You find the entrance to John Mark Comer's office at the back of a hip coffee shop in Portland, Oregon. Stop for a moment to savor a couple shots of freshly roasted espresso pulled by a man who looks like a logger with sleeve tattoos and an iPhone. Leave the cup in the bin, then make your way through the renovated warehouse. When Comer welcomes you into his small office, note the view of the Pearl District, the stuffed deer head on the wall, his retro bicycle, and that mid-century couch under the window.
Only the Bible on the desk and the theological books on the shelves suggest this is still a pastor's space. Comer's warm welcome and gesture toward a comfortable seat open a lively conversation.
Comer came of age in the ministry spotlight, taking over Solid Rock, a megachurch in the suburbs of Portland, Oregon, when he was only in his late 20s. From early on, Solid Rock had the makings not just of a large church, but a very large church, even in the "post-Christian" Northwest.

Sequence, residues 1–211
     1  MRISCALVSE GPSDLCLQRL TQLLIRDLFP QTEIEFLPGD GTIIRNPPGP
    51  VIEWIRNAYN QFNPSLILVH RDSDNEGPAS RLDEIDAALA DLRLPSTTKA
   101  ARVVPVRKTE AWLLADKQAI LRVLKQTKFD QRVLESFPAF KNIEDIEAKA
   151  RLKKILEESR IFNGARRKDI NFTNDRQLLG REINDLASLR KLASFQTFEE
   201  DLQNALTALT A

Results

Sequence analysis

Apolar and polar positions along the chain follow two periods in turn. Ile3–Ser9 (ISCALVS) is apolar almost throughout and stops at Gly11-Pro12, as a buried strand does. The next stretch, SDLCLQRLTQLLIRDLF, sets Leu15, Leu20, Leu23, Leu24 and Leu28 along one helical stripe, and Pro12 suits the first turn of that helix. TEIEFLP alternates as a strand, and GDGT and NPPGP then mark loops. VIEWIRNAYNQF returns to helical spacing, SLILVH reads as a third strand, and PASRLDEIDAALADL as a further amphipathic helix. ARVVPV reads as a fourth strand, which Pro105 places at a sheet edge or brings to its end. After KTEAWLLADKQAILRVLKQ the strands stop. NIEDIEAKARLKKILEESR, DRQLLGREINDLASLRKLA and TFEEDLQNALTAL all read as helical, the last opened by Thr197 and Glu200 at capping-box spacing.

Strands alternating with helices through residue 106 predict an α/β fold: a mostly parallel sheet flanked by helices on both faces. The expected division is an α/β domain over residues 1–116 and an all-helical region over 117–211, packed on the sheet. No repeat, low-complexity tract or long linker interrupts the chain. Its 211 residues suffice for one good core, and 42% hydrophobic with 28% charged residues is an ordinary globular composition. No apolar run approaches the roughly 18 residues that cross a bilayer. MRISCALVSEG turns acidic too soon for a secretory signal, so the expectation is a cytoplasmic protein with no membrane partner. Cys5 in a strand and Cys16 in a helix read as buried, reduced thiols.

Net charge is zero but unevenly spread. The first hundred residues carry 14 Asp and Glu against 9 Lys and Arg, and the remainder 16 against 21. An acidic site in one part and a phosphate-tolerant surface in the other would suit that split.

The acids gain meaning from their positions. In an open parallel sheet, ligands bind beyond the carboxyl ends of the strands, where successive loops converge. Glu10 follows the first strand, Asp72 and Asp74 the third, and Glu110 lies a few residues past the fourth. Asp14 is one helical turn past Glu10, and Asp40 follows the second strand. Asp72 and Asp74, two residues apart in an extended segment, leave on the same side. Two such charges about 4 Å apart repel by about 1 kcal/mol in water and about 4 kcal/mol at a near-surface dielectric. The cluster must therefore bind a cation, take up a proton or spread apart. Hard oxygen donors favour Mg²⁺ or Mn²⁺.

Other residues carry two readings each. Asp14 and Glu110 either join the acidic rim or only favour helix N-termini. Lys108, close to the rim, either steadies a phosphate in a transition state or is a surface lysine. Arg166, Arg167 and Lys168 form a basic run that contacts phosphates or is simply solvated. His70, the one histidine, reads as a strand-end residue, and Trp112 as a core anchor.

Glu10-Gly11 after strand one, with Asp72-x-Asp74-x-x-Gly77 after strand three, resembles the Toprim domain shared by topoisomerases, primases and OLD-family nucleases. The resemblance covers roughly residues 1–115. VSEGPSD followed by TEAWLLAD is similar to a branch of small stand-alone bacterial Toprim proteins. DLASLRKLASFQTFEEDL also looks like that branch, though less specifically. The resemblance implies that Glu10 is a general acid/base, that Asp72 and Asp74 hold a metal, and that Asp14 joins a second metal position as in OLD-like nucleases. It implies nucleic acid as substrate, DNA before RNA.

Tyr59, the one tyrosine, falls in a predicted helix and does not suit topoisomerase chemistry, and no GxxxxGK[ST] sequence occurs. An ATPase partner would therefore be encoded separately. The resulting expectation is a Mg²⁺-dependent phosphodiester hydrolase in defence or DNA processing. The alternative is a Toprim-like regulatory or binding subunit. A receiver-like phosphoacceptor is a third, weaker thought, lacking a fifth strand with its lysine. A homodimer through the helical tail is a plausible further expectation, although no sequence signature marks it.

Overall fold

I'd heard that the church was restructuring. People on the fringes gave me conflicting reports—some said the church was splitting, albeit amicably. Others reported that it was just expanding to more locations. Still others claimed it was planting new, unrelated churches.
Each version turned out to be both wrong and right. I sat down with Comer to get the story straight.
You're transitioning from "multi-site" to a "family of churches." Are you just calling the same dog by a different name?
Definitely not. They have some similarities, but there's a vital move toward locality and autonomy with the "family" concept.
Solid Rock Church started out in the suburbs and grew ...